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Math Help - solving a first order differential equation using separation of variables

  1. #1
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    solving a first order differential equation using separation of variables

    this is a rather elementary problem for diff. eq, and i solved it correctly using separation of variables, but there is a reason that the answer y=4/(x^2) is only valid for x<0.

    dy/dx=y^(3/2)
    dy/(y^3/2) = dx
    integrate both sides to get....
    -2*y^(-1/2)= x + C
    -2=(x+C)*y^(1/2)
    y^(1/2) = -2/(x+C)
    y = 4/[(x+C)^2]

    so...for some reason, when i solved for y explicitly in terms of x, I shold have been able to predict that the solution y = 4/x^2 is only valid for x<0

    but I cant figure out what step in my algebra should have led me to conclude that the solution y = 4/x^2 is only valid for x<0.

    any help appreciated.
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  2. #2
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    If y^{3/2} > 0 , then \frac{dy}{dx} > 0 so the solution curve will have a positive slope.

    Now look at the graph of your 'solution', y = 4/x^{2}.

    It has a vertical asymptote at x = 0 and its slope is negative for all x>0.
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  3. #3
    MHF Contributor chisigma's Avatar
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    Quote Originally Posted by BobP View Post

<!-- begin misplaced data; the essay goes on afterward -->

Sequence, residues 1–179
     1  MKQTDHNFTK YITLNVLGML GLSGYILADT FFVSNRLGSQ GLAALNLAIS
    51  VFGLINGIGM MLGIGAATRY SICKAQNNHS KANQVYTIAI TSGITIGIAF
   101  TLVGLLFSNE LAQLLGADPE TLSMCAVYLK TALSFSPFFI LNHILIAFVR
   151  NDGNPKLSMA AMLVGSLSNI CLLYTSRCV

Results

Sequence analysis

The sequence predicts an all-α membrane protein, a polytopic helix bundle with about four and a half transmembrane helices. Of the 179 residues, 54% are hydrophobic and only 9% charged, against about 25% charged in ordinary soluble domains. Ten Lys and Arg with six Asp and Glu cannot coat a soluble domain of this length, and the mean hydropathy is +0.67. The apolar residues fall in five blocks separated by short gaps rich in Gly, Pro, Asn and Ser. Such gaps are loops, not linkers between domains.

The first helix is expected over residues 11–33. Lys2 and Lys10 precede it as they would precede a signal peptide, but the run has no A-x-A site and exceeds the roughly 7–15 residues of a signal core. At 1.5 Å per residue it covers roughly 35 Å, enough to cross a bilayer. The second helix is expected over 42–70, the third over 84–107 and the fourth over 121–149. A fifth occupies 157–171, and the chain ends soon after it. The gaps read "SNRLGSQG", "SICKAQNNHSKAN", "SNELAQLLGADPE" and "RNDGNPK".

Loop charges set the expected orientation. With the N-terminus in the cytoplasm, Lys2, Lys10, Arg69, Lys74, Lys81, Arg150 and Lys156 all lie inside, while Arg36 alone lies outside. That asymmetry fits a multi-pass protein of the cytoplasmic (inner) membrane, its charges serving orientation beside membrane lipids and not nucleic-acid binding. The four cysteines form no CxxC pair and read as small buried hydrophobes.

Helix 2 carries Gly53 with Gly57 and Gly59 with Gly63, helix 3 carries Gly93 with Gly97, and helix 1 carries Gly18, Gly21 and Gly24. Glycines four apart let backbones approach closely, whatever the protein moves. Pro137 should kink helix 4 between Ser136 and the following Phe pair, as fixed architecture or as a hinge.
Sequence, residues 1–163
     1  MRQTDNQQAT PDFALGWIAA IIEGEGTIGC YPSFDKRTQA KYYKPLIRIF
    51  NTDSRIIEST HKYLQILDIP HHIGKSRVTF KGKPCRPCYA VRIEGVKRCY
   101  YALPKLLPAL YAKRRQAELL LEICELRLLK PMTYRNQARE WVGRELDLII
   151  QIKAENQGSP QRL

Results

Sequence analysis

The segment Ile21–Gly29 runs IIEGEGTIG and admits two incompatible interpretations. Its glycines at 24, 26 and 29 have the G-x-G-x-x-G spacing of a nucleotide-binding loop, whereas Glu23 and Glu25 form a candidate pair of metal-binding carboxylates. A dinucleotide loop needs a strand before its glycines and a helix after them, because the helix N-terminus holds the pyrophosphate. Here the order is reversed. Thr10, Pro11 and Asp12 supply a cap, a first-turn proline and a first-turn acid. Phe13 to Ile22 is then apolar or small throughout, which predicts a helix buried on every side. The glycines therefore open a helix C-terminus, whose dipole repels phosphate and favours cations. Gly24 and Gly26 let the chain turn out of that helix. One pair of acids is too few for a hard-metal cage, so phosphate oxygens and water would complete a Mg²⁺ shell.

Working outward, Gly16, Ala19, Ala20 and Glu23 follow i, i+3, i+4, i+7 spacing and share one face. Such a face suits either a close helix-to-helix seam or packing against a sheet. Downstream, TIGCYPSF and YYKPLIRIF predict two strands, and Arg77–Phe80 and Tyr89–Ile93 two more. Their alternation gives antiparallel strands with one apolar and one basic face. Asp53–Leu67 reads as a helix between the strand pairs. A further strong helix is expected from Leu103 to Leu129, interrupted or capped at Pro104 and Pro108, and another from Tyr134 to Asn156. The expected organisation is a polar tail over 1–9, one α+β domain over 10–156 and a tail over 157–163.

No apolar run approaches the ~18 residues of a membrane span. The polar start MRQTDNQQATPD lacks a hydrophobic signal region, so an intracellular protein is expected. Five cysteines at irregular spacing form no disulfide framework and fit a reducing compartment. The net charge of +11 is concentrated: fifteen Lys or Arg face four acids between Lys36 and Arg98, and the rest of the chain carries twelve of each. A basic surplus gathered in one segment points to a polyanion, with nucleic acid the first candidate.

... if y^{3/2} > 0 , then \frac{dy}{dx} > 0 so the solution curve will have a positive slope...
    Let's write the DE as...

    y^{'} = \sqrt {y^{3}} (1)

    If  y<0 clearly the (1) has no solution if x \in \mathbb {R}. If y>0 the derivative is expressed as 'square root' so that it can be as well positive or negative and the choice depends from the 'iniatial condition' y(x_{0}) = y_{0} with y_{0} \ge 0. The function y=\frac{4}{x^{2}} is then solution of (1) \forall {x \ne 0}. The (1) has another interesting properties: the value of y^{'} doesn't depend fron x. That means that if f(x) is solution of (1) f(x+\xi) with \xi arbitrary is also solution of (1), so that for each initial condition y(x_{0}) = y_{0} with y_{0} > 0 we have two solution of (1) of the form y= \frac{4}{(x - \xi)^{2}}, one with positive slope and the other with negative slop in x=x_{0}...

    Kind regards

    \chi \sigma
    Last edited by chisigma; August 31st 2009 at 05:41 AM. Reason: 4/x^2 and not 1/x^2 is solution of (1)...
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  4. #4
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    I would have thought that with normal usage, the RHS of the equation would be taken to be positive. However, if that is not the case aren't we looking at two different differential equations here y' = +y^{3/2} and y' = -y^{3/2} ?

    With regards to the solution y = 4/x^{2}, (BTW y = 1/x^{2} is not a solution), dy/dx = -8/x^{3}, so if this is to be a solution of the first of these equations it is necessary that x<0 while if it is to be a solution of the second equation we need x>0.
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  5. #5
    MHF Contributor chisigma's Avatar
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    Thanks to your indication i was able to correct the error... \frac{4}{x^{2}} and not \frac{1}{x^{2}} is solution od the DE...


    y^{'}= \sqrt{y^{3}} (1)

    How silly of me! ... The problem is therefore that the omission of the initial conditions in the usual form y(x_{0})=y_{0} with y_{0} >0. What I have demonstrated is that with the usual approach the (1) has in general two solution satisfiyng the condition y(x_{0})=y_{0} with y_{0} >0. As example we take y(x)=\frac{4}{x^{2}} which is solution of the (1) with initial conditions y(2)= 1. Unfortunatley it is easy to verifiy that y(x)= \frac{4}{(x-4)^{2}} is also solution of (1) with the same initial condition...

    Kind regards

    \chi \sigma
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